They were a band of squatters who set up a community on the foot of the North-East’s most famous peak in the 19th century and were the source of much local debate at the time, but surprisingly little is known about the Bennachie Colonists.
Described in accounts at the time as possessing dubious morals and backwards ways, an archaeological dig by the University of Aberdeen and the Bailies of Bennachie, a local community group, aims to provide a more balanced assessment about how the community lived.
The ‘commonty’ (common land) of Bennahice was settled sometime between 1801 and the 1830s.
“They weren’t popular with some people because they were effectively living rent-free on ground that was supposed to be communal”, said University of Aberdeen archaeologist Dr Jeff Oliver, who is coordinating the dig.
“Accounts describe them as a marginal community ‘on the edge’ scratching a living from the slope of Bennachie – a harsh, nutrient impoverished landscape. Eventually they became associated with a story of resistance against the local lairds who eventually seized the commonty for themselves in 1859 using the courts in London. After this the colonists effectively became tenants.
“Our working theory is they received a lot of bad press from some of the neighbouring locals - and all sorts of slanderous things were said about them, probably because they weren’t initially paying rent. However what may be more accurate is that they were very similar to other agricultural communities of the time and this study will help to provide a more nuanced assessment of this.
“The Bennachie colonists are a particularly fascinating group because there is a reasonably good archive of information written by various historical commentators – but of course not by the settlers themselves – so working closely with our community collaborators a big part of our work will be in comparing the written accounts with what the archaeology reveals.
“Some of colonists were eventually evicted for refusing to pay rent. And there were apparently on-going tensions between the group and the surrounding estates. In one story the local henchman of the Balquhain estate are said to have come and burned one of the crofters out of his house.
“Most of the original colonists had moved off the land by the 1880s but one crofter, George Esson, lived on the land until his death in 1930 after which time the hillside was completely abandoned.”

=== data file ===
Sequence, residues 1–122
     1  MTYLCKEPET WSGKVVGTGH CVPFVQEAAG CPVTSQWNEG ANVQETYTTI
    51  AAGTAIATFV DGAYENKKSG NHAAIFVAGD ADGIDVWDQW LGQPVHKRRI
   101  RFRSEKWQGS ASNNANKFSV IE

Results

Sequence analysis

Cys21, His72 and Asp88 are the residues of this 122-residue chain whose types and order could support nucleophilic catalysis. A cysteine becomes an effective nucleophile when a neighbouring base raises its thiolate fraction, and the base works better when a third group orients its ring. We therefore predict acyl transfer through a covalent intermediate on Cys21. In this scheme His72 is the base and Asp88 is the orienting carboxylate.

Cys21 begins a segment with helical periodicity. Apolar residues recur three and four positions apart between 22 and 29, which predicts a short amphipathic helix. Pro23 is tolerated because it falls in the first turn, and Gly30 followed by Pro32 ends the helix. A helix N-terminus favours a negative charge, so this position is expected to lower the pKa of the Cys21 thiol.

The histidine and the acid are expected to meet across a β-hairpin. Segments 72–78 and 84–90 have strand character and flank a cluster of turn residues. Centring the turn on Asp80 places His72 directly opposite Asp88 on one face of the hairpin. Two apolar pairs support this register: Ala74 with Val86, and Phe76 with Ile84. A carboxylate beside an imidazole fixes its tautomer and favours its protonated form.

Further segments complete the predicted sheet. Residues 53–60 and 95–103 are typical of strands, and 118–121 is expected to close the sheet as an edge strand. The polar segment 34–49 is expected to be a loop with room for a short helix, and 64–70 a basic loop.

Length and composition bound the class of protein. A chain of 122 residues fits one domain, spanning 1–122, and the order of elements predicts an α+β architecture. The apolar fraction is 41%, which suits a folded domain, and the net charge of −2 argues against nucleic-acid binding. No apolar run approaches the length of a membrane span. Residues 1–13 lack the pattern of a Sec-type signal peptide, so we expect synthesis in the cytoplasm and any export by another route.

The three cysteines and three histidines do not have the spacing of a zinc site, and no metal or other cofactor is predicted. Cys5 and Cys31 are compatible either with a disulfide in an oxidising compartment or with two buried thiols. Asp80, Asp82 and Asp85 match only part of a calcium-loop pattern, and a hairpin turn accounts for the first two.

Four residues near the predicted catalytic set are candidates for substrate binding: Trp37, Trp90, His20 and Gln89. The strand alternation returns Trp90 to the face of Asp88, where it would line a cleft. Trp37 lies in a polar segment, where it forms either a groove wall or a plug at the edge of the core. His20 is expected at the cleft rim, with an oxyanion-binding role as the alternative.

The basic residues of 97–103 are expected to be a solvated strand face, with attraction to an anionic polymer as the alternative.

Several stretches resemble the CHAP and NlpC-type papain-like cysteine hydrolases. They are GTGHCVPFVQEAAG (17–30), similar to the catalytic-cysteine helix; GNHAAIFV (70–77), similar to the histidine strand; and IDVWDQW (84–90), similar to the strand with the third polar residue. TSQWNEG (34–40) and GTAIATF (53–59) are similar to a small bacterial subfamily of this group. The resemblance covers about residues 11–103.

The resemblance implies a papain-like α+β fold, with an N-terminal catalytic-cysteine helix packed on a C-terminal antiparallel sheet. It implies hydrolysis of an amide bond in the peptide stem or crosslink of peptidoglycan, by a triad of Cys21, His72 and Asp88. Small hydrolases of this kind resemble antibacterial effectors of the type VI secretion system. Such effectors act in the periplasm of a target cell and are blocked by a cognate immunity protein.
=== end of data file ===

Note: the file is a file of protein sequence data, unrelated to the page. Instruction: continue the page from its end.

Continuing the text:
Working with the Bailies of Bennachie, the University of Aberdeen team is undertaking surveys and excavations of the colony site to provide a ‘micro history’ of life on the hill.
“The conflict between tenants and landlords and people being removed from their land is an important theme in 18th and 19th century Scottish history,” explained Dr Oliver. “Our work at Bennachie provides an important and new connection to this because we know much less about these kinds of tensions within the northeast.
“The research is doubly important because it is being carried out with the local community. An important part of the project is engaging members of the public who are passionate about history and about archaeology. What we hope to achieve is to take archaeology out of the ivory tower and make it more accessible to others. Ultimately we are aiming for a more sustainable kind of archaeology, which is not totally controlled by professionals and or academics.
“So far we’ve held a number of educational events on the hillside with the Baillies and it’s a really enjoyable and worthwhile enterprise. A recent grant by the Arts and Humanities Research Council is going to allow us to carry out a much more intensive study over the balance of this year and we hope to encourage others to participate.”
The project will undertake a number of survey events including an excavation in the summer. For more information about the project please see the Bailies of Bennachie web site: http://www.bailiesofbennachie.co.uk/bennachie-landscapes/
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